Fleece Loss Due to the Mechanical Cause:

Before suspecting a disease, mechanical causes for wool loss should always be considered. Lambs playing and sleeping on the backs of ewes may cause wear of the wool in those areas. The interior of the stable, especially the construction of the feeding areas, could cause wear of the wool mainly around the neck.

Fleece Loss Due to ovine telogen effluvium or Wool Slip:

Ovine telogen effluvium, commonly called wool slip, is identified by the moth-eaten look of the patches and the surrounding wool. The scientific name refers to the loss of telogen effluvium; the normal cyclicity of the wool is disturbed.

Skin biopsies taken from sheep with telogen effluvium showed that the wool follicles were in the anagen phase, compared to the telogen phase in unaffected animals. This finding support that cyclicity has been disrupted and the wool has been shed prematurely and that the wool follicles already are in the anagen phase again.

Ovine telogen effluvium is mainly seen during housing in the winter, especially in connection to shearing, but it has also been reported in the summer. The patches of alopecia commonly appear 3-4 weeks after shearing and are usually found on the back and neck. The cause is believed to be elevated levels of corticosteroid due to the stress of housing and shearing.

Cortisol and glucocorticoid analogs have been shown to decrease wool growth. In a study by Chapman and Bassett plasma cortisol levels above three micrograms per ml caused inactivation of the wool follicle and fiber-growth ceased.

The study included ewes in three different feeding regimes, and the group with the most restricted diet reacted with decreased wool growth at the lowest plasma cortisol levels.

It has been found similar results in the study where three different glucocorticoid analogs were found to make the wool more fragile and prone to break at different degrees from complete wool loss to reduce wool growth without signs of wool loss.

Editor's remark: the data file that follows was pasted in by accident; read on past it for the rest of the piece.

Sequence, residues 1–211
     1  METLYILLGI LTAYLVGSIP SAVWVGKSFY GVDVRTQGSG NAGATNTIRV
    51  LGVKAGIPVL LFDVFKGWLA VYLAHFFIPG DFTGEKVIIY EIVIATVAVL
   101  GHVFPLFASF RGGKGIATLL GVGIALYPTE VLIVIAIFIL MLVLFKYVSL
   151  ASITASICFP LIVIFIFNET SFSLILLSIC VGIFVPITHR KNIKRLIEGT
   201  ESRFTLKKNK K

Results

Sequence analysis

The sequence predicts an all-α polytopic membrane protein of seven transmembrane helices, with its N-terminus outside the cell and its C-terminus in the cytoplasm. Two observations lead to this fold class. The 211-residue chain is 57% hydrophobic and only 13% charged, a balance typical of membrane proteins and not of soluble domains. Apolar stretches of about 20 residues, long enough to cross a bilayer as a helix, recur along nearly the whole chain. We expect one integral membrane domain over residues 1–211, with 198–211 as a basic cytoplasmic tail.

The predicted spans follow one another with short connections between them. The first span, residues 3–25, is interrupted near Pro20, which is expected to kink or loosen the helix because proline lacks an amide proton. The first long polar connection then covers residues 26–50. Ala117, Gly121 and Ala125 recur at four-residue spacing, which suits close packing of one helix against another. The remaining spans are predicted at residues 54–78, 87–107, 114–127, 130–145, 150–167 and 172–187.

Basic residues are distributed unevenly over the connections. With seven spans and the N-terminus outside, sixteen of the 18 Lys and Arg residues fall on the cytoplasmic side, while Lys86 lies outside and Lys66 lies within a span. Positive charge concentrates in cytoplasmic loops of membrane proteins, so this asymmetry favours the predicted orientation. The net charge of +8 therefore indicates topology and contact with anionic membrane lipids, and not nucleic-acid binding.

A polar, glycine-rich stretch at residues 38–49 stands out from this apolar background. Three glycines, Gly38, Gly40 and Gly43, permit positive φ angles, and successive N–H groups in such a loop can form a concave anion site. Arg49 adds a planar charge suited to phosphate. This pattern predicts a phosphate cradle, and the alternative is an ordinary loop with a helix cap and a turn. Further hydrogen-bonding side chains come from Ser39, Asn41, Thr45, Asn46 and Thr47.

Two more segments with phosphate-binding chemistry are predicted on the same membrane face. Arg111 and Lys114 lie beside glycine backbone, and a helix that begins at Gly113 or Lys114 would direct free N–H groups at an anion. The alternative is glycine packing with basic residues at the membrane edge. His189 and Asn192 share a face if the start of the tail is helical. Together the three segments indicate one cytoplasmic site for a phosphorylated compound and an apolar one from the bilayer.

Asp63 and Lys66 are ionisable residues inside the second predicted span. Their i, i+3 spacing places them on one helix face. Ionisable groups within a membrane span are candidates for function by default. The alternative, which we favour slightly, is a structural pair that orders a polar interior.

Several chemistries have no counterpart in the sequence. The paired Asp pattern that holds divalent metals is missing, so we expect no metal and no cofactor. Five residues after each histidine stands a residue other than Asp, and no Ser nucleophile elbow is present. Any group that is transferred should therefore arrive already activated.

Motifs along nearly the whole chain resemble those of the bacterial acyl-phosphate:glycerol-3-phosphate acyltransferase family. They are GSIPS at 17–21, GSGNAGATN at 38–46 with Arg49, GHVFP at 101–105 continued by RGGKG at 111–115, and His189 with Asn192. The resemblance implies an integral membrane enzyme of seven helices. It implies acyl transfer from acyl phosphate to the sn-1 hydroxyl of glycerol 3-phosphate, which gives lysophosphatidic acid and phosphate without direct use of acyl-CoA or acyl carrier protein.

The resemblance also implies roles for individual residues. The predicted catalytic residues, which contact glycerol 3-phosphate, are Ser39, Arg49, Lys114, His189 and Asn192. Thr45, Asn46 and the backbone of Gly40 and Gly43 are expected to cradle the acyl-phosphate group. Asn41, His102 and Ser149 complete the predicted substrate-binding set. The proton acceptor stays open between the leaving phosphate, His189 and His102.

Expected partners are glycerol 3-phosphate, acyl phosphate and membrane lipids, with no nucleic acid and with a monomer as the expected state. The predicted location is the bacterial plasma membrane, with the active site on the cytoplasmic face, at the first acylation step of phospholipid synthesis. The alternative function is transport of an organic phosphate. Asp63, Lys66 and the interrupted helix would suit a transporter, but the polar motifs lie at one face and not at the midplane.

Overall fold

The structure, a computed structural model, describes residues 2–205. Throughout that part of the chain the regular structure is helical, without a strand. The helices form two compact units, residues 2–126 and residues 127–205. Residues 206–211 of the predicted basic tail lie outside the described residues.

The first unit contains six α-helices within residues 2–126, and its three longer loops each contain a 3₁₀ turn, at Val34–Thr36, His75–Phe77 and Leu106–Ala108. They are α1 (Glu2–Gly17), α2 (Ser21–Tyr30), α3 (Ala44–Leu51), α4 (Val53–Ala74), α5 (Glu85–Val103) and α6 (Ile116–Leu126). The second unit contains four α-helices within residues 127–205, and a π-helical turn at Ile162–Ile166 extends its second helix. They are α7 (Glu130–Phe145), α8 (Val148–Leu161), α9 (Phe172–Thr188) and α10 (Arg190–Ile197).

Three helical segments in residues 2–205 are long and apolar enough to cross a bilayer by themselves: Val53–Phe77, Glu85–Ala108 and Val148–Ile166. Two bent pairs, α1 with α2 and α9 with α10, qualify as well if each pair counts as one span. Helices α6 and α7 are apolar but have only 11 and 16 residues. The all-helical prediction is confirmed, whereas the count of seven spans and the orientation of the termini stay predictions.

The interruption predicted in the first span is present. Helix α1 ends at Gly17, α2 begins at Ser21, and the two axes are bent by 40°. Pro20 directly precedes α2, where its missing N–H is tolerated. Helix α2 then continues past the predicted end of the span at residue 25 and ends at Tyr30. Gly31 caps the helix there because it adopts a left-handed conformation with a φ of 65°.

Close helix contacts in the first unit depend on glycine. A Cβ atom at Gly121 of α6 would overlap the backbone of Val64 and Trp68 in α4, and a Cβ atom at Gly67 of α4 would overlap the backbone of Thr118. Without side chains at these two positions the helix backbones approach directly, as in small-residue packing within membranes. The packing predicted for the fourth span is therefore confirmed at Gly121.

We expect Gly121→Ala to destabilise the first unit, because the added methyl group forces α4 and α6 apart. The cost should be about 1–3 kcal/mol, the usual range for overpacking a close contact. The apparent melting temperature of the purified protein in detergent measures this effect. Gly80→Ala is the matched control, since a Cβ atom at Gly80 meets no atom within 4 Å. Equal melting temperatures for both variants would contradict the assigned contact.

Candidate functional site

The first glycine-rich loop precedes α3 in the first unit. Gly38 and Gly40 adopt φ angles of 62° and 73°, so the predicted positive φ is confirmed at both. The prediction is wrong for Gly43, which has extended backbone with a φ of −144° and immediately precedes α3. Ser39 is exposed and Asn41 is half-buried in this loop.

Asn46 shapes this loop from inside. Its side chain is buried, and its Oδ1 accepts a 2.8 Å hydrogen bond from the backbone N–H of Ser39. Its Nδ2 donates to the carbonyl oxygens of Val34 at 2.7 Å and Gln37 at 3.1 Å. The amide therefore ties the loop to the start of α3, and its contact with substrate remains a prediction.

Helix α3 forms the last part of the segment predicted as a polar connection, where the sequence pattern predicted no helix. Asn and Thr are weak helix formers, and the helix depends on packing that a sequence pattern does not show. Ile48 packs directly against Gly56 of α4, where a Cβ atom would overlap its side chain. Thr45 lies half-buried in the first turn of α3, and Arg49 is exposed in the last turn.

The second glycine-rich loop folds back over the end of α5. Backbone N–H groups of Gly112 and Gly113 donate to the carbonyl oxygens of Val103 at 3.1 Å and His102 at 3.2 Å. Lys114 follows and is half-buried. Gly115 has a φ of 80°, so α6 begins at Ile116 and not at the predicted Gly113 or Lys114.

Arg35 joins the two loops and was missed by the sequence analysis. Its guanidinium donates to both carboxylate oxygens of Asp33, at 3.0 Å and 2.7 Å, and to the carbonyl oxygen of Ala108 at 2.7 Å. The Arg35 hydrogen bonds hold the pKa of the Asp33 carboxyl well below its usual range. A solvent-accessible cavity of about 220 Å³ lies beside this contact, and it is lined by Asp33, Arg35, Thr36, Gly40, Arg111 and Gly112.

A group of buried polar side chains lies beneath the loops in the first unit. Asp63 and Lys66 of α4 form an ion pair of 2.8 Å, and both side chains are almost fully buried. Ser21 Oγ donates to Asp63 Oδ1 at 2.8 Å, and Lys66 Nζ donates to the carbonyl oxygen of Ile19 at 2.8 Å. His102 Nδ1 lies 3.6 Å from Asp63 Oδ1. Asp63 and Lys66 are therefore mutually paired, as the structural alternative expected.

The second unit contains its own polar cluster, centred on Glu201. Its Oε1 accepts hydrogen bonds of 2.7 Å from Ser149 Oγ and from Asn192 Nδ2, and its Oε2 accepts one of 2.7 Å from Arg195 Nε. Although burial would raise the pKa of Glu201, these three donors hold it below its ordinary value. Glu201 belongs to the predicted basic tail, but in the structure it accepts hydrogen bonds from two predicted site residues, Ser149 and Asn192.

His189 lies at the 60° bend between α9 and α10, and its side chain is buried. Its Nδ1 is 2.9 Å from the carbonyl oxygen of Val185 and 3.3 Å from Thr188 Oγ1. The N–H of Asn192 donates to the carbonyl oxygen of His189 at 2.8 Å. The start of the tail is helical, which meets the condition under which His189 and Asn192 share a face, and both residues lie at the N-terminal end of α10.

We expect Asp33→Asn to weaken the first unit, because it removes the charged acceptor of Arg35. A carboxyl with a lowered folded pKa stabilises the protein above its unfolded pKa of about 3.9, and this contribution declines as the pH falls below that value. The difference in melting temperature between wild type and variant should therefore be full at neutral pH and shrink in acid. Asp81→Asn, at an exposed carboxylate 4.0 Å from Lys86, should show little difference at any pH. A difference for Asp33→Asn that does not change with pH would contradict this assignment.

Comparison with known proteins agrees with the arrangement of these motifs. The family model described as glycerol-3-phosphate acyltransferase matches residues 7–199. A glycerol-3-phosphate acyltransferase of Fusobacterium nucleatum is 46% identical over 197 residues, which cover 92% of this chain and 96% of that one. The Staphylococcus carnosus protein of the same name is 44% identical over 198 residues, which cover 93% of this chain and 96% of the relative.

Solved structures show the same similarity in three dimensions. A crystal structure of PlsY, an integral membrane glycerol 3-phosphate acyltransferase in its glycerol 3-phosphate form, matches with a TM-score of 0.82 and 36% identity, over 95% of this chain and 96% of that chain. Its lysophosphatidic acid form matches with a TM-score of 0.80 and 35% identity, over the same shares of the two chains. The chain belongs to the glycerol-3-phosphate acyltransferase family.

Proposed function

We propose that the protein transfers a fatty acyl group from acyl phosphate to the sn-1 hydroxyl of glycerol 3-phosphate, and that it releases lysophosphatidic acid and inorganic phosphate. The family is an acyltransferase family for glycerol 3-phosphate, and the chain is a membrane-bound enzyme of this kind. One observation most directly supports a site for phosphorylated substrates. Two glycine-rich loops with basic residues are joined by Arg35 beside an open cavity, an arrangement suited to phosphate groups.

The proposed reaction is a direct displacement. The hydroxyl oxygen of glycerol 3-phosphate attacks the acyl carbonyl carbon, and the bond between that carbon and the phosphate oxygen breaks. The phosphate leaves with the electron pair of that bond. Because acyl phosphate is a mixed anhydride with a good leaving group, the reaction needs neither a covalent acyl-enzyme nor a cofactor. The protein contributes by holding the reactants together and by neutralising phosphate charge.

Fleece Loss Due to Bacterial Dermatitis:

The bacterium Dernatophilus congolensis causes mycotic dermatitis or thick wool. It is more common in damp areas where rain or high humidity keeps the wool from drying. Breeds with fine down-type fleece are more prone to the infection.

If the bacteria invade the skin, the result is exudative dermatitis, which dries and forms scabs at the base of the fibers. The infection increases the risk of flystrike. After healing, new will grow underneath the scabs that form a hard layer in the fleece.

The back is the most commonly affected, but lesion can also appear in the ear and on the head. Wool loss is present in severe cases, where itching and secondary infections are common. During the lesion stage, the skin is pain-sensitive, and this may restrict the movement of the sheep. A form of this disease is called Strawberry foot-rot with strawberry-like non-exudative dermatitis and scabs localized above the roof.

Dermatitis presents with alopecia or hypotrichosis, redness the skin, hyperpigmentation, superficial ulcers with crusting and exudation, thickening of the skin but no itching. Staphylococcus aureus was found in the exudates and skin biopsies.